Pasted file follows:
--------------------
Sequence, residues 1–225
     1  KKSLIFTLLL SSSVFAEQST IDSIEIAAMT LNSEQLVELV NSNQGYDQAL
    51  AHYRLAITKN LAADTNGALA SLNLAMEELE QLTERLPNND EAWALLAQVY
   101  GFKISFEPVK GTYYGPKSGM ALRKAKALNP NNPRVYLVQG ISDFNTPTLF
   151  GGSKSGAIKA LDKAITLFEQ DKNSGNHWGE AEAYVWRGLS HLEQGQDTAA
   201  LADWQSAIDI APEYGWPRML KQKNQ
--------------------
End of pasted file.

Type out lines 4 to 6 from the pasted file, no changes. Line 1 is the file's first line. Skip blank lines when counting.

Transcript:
   101  GFKISFEPVK GTYYGPKSGM ALRKAKALNP NNPRVYLVQG ISDFNTPTLF
   151  GGSKSGAIKA LDKAITLFEQ DKNSGNHWGE AEAYVWRGLS HLEQGQDTAA
   201  LADWQSAIDI APEYGWPRML KQKNQ